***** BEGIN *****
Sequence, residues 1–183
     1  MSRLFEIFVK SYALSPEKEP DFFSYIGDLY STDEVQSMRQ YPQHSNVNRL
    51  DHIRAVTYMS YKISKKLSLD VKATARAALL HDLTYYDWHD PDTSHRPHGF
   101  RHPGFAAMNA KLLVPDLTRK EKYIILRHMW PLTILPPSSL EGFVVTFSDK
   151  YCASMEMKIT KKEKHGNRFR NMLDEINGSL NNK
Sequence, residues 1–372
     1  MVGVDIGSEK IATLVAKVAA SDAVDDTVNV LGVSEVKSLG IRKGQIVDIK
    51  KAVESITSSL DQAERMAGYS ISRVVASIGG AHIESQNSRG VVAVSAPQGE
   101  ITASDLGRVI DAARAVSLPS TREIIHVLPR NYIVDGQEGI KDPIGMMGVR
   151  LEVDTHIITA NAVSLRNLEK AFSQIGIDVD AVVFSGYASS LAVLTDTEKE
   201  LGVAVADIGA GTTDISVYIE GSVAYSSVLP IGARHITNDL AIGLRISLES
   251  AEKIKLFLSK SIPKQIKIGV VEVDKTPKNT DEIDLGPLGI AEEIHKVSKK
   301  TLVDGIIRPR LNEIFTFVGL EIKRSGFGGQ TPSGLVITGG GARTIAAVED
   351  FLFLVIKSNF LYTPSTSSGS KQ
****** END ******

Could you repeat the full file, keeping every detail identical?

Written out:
Sequence, residues 1–183
     1  MSRLFEIFVK SYALSPEKEP DFFSYIGDLY STDEVQSMRQ YPQHSNVNRL
    51  DHIRAVTYMS YKISKKLSLD VKATARAALL HDLTYYDWHD PDTSHRPHGF
   101  RHPGFAAMNA KLLVPDLTRK EKYIILRHMW PLTILPPSSL EGFVVTFSDK
   151  YCASMEMKIT KKEKHGNRFR NMLDEINGSL NNK
Sequence, residues 1–372
     1  MVGVDIGSEK IATLVAKVAA SDAVDDTVNV LGVSEVKSLG IRKGQIVDIK
    51  KAVESITSSL DQAERMAGYS ISRVVASIGG AHIESQNSRG VVAVSAPQGE
   101  ITASDLGRVI DAARAVSLPS TREIIHVLPR NYIVDGQEGI KDPIGMMGVR
   151  LEVDTHIITA NAVSLRNLEK AFSQIGIDVD AVVFSGYASS LAVLTDTEKE
   201  LGVAVADIGA GTTDISVYIE GSVAYSSVLP IGARHITNDL AIGLRISLES
   251  AEKIKLFLSK SIPKQIKIGV VEVDKTPKNT DEIDLGPLGI AEEIHKVSKK
   301  TLVDGIIRPR LNEIFTFVGL EIKRSGFGGQ TPSGLVITGG GARTIAAVED
   351  FLFLVIKSNF LYTPSTSSGS KQ